Tuesday, August 23, 2011

When Distraction Is Welcome

In the weeks before Christmas when it was time to send out the cards, I’d often see my mom take a bunch of them along with her address book and put them in her purse. She took them to work the next day, and wrote them during her lunch hour with the chatter of co-workers all around her. Then she mailed them on the way home.

These particular cards required more than just a greeting because they were for family members in my mother's native Germany. To this day, my mom has long bouts of homesickness, and in order not to succumb to it when writing to people back home, she used the distractions of the lunch hour at work to keep her thoughts from dwelling in the past. It was a very useful tool.

When my son was born at only 29 weeks, I lived for two long months in the Neonatal ICU, fixated on the instruments that measured his vital signs. When the alarms went off because he had stopped breathing (which he frequently did) and I saw him turn blue before my eyes, I went into a complete panic. I responded automatically in the same way to all the other alarms going of in the unit for babies in distress. Emotionally, I was a mess to put it plainly, but on those days when I had the company of my husband or my mom in the NICU, I felt a calming relief. They also provided some more lighthearted distractions with talk of work, family, neighbors and Hollywood gossip. (That last one would be more from my mom.) Their positive attitude (sometimes faked) helped me back to temporary sanity.

A former colleague used to rush off to her sister's house after work, to be there when she opened her mail. Her sister had just gone through a nasty divorce (when aren't they?) and whenever she got a letter from the attorneys or her ex, she was afraid to open it alone for fear of reliving the nastiness and hurt. She was determined to move beyond it all, but it was too recent for her to feel she could trust herself. With the distraction of her sister's presence she found she could keep it reasonably light, and deal with the letters as “just business.”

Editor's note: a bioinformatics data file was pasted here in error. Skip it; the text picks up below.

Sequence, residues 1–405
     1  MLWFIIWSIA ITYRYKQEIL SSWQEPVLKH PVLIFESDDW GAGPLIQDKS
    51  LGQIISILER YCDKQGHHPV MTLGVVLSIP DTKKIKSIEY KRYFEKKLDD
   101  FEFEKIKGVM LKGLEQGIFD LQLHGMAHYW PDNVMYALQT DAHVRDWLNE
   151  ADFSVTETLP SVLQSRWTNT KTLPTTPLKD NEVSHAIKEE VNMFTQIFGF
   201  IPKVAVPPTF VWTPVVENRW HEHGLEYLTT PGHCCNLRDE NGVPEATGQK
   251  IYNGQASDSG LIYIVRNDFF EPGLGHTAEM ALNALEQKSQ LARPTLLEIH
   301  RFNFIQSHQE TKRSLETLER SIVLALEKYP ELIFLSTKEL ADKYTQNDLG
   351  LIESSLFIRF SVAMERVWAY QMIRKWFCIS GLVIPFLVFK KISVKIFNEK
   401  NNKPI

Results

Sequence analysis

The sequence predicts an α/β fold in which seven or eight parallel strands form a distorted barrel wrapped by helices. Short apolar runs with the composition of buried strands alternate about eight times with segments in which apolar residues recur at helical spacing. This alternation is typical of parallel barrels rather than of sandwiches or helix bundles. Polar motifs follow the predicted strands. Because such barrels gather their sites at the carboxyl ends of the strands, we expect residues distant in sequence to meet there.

It is practically impossible not to succumb to sadness and anxiety if you are alone and have nowhere else to focus.  Calling on friends and family to simply “be around” during the tough times can provide a much needed barrier between you and the darker places your thoughts want to take you.

I am not suggesting here that we distract ourselves from all difficulties and problems, quite the opposite actually. You may have noticed that no one mentioned in these examples, walked away from their responsibilities. What I am saying is, that when a difficult situation arises in which we could become the cause for our own pain, because of the thoughts we usually associate with it, then it is a kindness to ourselves to seek distraction from them. It is helpful and wise.

It is not noble to suffer needlessly. Help yourself every time you can.

1 comment:

  1. Thank you for this advice and especially for the poignant vignettes you used to illustrate them.